Spotlight on Kitties with Leg and Tail Injuries

by Hilary Bentley • Posted in: Awareness/ PR, Pets Needing Homes, Special Needs Pets

Some cats and kittens are born with a disability, and some may face some trauma or accident that leads to an injury or amputation. APA has several cats and kittens in foster who have lame legs, amputated legs and tail injuries.

Benny – He came to Austin Pets Alive! at just 5 days old. He had an injury to his right rear leg and his bone was exposed, but with proper care it has healed up nicely and to see Benny running around and playing, he clearly doesn’t know he’s missing anything! He does bear some weight on the leg, which has led to some blisters, so it’s possible that he will need to have the leg amputated up to a joint so that he is less likely to have future injury. Benny will not require any special long-term care for his leg. Just lots of room to run and play and a comfortable place to nap. Here is a video of Benny that his foster mom took showing Benny doing what he loves best: http://www.youtube.com/watch?v=QwSdBEe0ihQ

Lambchop – Lambchop recently arrived in the Bottle Baby Nursery with one sibling and his mom. It was quickly noted by one of the volunteer feeders that he wasn’t using his back legs. The vet staff evaluated Lambchop and suspected that a blood clot and/or circulation issue was causing nerve damage. This is a very serious condition, known as Saddle Thrombus. The GOOD NEWS is that massaging his legs and doing range-of-motion exercises with him seems to be giving him back use of his legs. Volunteers are continuing to work with him, and the vet staff periodically evaluates his progress. His right rear leg may have to be eventually amputated if his circulation doesn’t improve, but he would make a great little tripod kitty! Meanwhile, he is eating and drinking on his own, and even managing his trips to the litterbox quite well.

Debbie – Debbie is a lovely gal with amazing colors and patterns in her coat who has had a really rough time. She was rescued from the shelter pregnant and with a severely injured tail. Tail injuries can often lead to significant nerve damage on the hind end. Her pregnancy was closely monitored in the event that her injury wouldn’t allow her to properly deliver her kittens on her own. And as luck would have it, she was not able to deliver so an emergency C-Section was performed. Only one kitten survived, but then Debbie became very sick with an abdominal infection and the baby was placed with another nursing mom cat that APA! had rescued. Debbie will likely have her tail amputated altogether just to help keep her “bottom area” clean. The BEST news is that Debbie is fecally continent and has minimal urinary accidents. Her foster mom says that she is easily managed with some baby wipes to her bottom occasionally and Debbie stays in a bathroom when the family leaves the house for long stretches of time. Aside from this rough experience, Debbie is still very affectionate, talkative and likes to dance around the mop when her foster cleans house!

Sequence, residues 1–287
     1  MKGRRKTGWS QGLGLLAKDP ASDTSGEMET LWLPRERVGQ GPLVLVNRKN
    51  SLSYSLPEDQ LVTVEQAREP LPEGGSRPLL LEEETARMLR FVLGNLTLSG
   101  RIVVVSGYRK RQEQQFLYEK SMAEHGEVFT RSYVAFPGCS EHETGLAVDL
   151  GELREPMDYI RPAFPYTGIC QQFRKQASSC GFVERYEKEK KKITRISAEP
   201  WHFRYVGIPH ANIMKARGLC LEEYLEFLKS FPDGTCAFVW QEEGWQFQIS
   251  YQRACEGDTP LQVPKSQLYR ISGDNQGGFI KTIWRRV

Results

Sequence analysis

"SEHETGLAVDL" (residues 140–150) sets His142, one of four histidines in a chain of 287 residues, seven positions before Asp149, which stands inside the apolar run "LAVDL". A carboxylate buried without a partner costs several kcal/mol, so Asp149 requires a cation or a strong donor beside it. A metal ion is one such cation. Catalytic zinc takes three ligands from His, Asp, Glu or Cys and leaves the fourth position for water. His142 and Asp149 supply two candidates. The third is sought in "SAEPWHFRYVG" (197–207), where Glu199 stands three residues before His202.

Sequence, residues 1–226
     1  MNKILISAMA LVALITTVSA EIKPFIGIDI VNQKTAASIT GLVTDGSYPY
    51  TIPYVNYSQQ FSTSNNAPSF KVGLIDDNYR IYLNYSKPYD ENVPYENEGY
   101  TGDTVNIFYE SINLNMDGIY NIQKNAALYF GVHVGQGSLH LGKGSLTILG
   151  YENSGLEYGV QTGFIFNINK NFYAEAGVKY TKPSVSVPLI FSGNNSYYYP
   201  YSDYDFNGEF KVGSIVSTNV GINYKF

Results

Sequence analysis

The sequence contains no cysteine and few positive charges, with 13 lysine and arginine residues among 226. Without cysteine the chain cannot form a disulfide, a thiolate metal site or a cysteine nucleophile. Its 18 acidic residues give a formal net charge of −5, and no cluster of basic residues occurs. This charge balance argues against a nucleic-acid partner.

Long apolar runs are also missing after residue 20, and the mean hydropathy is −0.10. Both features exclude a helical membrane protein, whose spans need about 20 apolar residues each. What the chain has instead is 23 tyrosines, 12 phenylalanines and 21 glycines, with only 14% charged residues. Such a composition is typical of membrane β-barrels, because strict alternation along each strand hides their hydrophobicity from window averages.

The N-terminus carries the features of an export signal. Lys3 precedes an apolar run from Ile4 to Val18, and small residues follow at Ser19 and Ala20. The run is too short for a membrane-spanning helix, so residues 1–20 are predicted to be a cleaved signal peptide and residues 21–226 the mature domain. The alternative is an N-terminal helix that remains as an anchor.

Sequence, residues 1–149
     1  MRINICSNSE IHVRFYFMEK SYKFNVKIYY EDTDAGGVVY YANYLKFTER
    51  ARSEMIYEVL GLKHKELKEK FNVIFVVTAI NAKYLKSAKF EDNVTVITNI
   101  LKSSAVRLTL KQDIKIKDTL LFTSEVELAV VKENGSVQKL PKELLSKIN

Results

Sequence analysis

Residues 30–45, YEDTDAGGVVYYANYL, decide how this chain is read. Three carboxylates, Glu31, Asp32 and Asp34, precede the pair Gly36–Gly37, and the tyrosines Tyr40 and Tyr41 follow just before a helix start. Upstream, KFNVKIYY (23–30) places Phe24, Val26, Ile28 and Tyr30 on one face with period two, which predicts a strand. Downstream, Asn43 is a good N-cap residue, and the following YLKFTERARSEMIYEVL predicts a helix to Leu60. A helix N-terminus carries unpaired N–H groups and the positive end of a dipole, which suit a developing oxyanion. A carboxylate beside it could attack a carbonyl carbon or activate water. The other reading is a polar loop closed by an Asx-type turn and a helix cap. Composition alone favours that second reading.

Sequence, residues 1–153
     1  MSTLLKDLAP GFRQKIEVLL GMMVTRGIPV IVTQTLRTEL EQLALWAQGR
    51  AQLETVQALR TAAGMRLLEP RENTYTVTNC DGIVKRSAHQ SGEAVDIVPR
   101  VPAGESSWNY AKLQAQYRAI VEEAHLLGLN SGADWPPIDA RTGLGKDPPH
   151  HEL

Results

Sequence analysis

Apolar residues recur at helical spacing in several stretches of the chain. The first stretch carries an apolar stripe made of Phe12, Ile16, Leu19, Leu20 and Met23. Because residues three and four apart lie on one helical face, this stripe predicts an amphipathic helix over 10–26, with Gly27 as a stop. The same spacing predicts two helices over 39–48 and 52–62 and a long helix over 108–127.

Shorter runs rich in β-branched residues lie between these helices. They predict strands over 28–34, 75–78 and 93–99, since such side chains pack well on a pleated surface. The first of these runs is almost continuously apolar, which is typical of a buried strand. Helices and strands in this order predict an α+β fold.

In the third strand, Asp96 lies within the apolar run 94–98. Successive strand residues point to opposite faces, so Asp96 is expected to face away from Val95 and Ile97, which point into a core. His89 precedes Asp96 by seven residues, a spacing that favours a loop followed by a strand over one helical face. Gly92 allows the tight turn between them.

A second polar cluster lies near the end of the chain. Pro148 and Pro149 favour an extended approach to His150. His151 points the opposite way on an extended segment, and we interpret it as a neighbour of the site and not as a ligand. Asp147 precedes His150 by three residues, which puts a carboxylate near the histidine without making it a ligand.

Daffodil -13 (also known as Bilbo Baggins) -He is a 3 year old orange tabby rescued with an injury consistent with being shot. He has lost the use of his rear left leg, but he has had it wrapped in a splint for a couple of months to see if it would heal with minimal infection. He has not regained use of his leg and will therefore probably require amputation, but he is still active and gets around fine and enjoys being picked up and held. This affectionate boy would prefer to be galavanting around his forever home. If adopted prior to resolution of his hind leg, APA will continue to provide care and surgery related to this injury.

Winnie (L) & Patti (R) – We first introduced you to Patti last year. Patti was rescued as a bottle baby with a pelvic injury/deformity that has made her incontinent. Her tail was amputated in November of last year to help keep her as clean and infection-free as possible. Winnie is a little Manx girl rescued 4 months after Patti, also as a bottle baby,  with Manx Syndrome. Manx Syndrome occurs when the gene that causes Manx (no tail) kittens actually shortens or fuses the spinal chord and leads to dysfunction of the bladder and bowel. Patti and Winnie have been in foster together since last year, and their conditions have become quite manageable. These girls are on a special raw diet which has reduced the frequency in which they need to use the bathroom (they currently only poop in their sleep!). Their fantastic foster mom has also figured out a great system to keep them clean and healthy and her home clean as well!! The ideal setup for these pretty tabby girls is an indoor/outdoor area that is protected (like a screened in porch) with access to AC/Heat that can be easily cleaned. They also must have room to play… Patti is especially playful and races around with great speed. These cats are not outdoor-only candidates because their condition will attract predators. In nearly any other shelter setting, Winnie and Patti would have been euthanized. However, they are beautiful cats with amazing personalities. They deserve every possible chance at finding forever homes…together.